A more serious concern has to do with a disease called macular degeneration, and while many adults will naturally develop this condition as they age, there’s speculation that increased exposure to blue light actually increases one’s risk of developing it earlier. Blue light passes through all portions of the eye and hits directly upon the retina, the portion of the eye that receives light and helps us to see clearly. Many believe that the wavelength of blue light damages cells in the retinal area in a way that mirrors macular degeneration, and with regular exposure, may lead to a disruption in one’s vision.

Finally, we know that blue light is responsible for helping to keep our circadian rhythm in check, but it can also throw things off quite easily as well. Individuals who like to lay in bed at night watching television, scrolling through social media on their phone, or using any other type of digital device likely have a difficult time falling asleep, and that’s due to the brain interpreting this blue light exposure as a message to stay awake. Insomnia and other sleep issues could potentially be prevented by limiting one’s blue light exposure a few hours before bed.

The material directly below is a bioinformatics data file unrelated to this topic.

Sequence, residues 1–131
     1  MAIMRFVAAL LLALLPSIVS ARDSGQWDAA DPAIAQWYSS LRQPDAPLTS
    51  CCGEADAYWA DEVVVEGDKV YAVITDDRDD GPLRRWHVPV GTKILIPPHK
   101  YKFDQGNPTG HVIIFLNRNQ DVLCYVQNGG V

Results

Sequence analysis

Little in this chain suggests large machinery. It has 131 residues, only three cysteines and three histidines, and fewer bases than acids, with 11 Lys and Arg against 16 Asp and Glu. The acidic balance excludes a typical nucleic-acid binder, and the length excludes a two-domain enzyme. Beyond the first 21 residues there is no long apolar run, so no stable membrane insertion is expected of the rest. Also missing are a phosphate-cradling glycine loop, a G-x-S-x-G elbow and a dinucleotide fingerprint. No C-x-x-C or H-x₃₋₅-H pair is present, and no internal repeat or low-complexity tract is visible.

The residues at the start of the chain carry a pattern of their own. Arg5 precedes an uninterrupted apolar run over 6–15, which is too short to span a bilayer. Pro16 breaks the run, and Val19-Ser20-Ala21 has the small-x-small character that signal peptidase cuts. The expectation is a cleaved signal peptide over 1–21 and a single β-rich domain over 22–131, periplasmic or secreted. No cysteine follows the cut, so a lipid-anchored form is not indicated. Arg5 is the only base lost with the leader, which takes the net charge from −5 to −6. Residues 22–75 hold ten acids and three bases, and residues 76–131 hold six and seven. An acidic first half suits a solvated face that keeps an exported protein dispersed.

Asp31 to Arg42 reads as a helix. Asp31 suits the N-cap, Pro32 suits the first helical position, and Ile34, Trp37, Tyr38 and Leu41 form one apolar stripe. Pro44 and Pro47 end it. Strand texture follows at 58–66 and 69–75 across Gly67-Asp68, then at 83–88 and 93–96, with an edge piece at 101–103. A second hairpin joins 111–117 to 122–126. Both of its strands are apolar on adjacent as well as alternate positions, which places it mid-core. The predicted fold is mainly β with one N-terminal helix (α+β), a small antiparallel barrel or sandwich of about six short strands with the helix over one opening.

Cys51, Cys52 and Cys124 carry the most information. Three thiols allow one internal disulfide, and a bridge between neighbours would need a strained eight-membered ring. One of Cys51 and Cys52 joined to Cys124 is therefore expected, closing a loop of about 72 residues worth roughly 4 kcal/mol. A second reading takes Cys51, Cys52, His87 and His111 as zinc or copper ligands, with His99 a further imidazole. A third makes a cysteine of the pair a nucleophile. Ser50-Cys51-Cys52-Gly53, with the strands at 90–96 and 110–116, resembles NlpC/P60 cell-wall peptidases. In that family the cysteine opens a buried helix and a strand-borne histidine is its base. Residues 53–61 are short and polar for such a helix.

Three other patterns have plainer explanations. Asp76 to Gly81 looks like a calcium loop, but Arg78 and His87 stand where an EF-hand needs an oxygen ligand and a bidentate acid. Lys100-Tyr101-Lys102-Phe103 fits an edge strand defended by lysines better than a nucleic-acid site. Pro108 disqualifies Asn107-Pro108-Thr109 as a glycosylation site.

Blocking Blue Light

Since most of us are absolutely inundated with blue light on a regular basis, how can we reduce our exposure to this harmful light while still maintaining our effectiveness? We can’t exactly tell our boss that we have to work fewer hours per week because of the blue light coming out of the computer, and giving up fun activities like watching television or playing computer games doesn’t sound too appealing either. Thankfully, industry experts have developed a tool that can protect your eyes no matter what you’re doing on your device.